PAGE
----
(Bethan) It's all this love affair of the century stuff that irritates
Yes, I agree, but the love story was not the reason why I loved TEP
so much. There was one scene which seemed to really convey the whole point
of the story (IMHO) which, by the way, was not about the affair. Hana is
taking care of Almásy in the monastery and, before she introduces
him to Caravaggio (who's waiting in the hall), she says something like:
"here's a war going on. Where you come from is important" and Almásy
says something to the effect that he hated that.
was all about nationality and how having to identify yourself with a nation
gets you in trouble. However, we live in a world in which where you come
from is everything. Almásy couldn't get to Katherine in time to
save her because he didn't have the right papers or have the right-sounding
last name. Geoffrey was the tool of the British government, having to hide
his identity as he risked his life making maps for the Allies, as it fought
against the others. Almásy was tragic in that he tried not to live
by the rules of working in the name of the nation, but instead, on his
own. Alas, he can't escape from that.
(Nan) I was thinking that he should walk around with his hair down
all the time
I did notice. I liked the way he let it down at night and became a
totally different person.
(Arami) All these nuances were lost or sacrificed in the film...Does
anyone know if Ondaatje was happy with these changes?
Agreed. I thought that Ondaatje's original version of the Katherine/Geoffrey/Almásy
relationship was far superior to the Minghella interpretation and much
more believable. It also covered themes of honour, friendship, betrayal,
trust, etc, which were barely touched on in the movie.
(Arami) Does anyone know if Ondaatje was happy with these changes?
Ondaatje had a funny story that he told about the rights to his story
being sold. In North Carolina, a suspected serial killer cut out the first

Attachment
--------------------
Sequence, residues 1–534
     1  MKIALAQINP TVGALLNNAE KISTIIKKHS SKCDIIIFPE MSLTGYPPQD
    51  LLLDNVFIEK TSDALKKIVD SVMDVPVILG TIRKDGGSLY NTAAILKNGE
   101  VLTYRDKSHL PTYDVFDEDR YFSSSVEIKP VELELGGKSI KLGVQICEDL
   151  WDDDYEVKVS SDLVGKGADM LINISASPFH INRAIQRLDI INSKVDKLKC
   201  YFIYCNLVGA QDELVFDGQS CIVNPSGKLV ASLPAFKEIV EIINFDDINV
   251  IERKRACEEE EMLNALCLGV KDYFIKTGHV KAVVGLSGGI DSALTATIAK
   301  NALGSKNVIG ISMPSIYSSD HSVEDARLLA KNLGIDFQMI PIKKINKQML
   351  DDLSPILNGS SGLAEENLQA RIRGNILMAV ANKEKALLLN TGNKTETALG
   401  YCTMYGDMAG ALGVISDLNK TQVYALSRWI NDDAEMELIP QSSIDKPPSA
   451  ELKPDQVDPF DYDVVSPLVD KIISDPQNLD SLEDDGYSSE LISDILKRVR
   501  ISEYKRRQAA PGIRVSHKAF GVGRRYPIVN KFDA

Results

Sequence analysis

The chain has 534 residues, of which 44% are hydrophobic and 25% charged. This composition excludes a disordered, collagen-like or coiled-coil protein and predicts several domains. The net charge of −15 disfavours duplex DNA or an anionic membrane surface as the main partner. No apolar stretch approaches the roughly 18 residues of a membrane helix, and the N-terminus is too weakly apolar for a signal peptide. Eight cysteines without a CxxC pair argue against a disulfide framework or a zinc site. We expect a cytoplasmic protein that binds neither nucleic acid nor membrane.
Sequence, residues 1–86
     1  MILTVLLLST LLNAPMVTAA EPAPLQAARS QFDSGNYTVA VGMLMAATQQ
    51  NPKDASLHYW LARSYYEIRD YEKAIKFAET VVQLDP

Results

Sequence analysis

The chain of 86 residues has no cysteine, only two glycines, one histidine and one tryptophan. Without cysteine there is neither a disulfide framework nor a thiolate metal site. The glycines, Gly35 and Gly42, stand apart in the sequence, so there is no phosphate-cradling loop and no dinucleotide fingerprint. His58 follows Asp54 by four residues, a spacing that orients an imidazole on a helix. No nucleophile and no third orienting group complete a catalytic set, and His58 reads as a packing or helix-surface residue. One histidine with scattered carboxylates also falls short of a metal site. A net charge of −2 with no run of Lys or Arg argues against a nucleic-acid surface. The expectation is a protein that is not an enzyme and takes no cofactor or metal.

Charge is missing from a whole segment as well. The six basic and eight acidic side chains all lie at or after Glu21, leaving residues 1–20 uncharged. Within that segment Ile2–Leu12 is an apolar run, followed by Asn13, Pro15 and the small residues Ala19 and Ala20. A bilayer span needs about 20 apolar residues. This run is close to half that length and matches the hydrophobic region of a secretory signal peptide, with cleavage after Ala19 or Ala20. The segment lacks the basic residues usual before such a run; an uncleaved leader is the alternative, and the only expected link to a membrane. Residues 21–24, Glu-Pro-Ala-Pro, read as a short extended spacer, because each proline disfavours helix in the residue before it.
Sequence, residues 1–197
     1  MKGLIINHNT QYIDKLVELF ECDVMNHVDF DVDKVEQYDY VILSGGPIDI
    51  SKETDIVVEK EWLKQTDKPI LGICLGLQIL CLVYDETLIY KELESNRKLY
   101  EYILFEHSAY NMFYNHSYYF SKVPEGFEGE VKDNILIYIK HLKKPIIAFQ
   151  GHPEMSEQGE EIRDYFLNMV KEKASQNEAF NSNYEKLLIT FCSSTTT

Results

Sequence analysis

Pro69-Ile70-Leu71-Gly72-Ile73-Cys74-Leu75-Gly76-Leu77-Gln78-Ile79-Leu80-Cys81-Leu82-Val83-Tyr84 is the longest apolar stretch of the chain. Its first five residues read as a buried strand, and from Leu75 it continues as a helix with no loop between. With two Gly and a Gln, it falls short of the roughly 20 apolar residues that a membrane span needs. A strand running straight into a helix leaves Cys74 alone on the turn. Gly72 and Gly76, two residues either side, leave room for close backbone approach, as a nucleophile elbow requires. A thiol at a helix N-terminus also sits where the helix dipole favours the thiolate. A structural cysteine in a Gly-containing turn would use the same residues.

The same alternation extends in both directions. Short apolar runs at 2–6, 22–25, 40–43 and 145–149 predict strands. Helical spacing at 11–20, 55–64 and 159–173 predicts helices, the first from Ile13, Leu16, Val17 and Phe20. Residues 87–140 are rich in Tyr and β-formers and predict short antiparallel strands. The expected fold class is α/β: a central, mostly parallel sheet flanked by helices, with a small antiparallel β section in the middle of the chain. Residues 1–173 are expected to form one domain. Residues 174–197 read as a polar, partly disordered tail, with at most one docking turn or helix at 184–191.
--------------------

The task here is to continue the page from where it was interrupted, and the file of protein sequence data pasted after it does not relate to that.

three pages of the novel and used them to write a note to the police. He
poked out the first letter in the beginning of each word. Ondaatje got
wind of it when he read it in the newspaper; right under that it was announced
that Miramax had bought the rights to the story (apparently, the publisher
neglected to tell Ondaatje). He thought it quite funny because this book
was deemed not movie material. He would not part with the story unless
he had input. Anthony Minghella came up with an outline of the novel and
presented it to Ondaatje. He was thrilled with what he did.
I may be the only one here, but I think Minghella did a great job with
what he had to work from. This book, for those of you who read it, seemed
impossible to become a movie. I understand why changes were made. It was
necessary in the telling of the story. When going over the part with Clifton
coming to the Gilf Kebir, it said that he was at Oxford, finished classes,
got married, and headed to the desert.
Almásy was much older than Katherine in the book. He must have
been at least 40. She had to be early 20s.
Yeah, the movie is excruciatingly long, beginning with the excruciatingly
long opening shot of someone doing the drawing with the brush. Took forever
and I only get through it without fast forwarding so I can watch Colin's
name in the credits. Still, just as Titanic can win a Best Picture
Oscar because of its overall effort and effects, despite so-so acting and
story, so can TEP win for its grand effort plus spectacular acting
despite a less than coherent story line. Even so, I still found the movie
easier to absorb than the book.
I liked Hana and Kip very much. They were the warmth of the film and
I'll include Geoffrey there. He brought life and fun to the desert. Do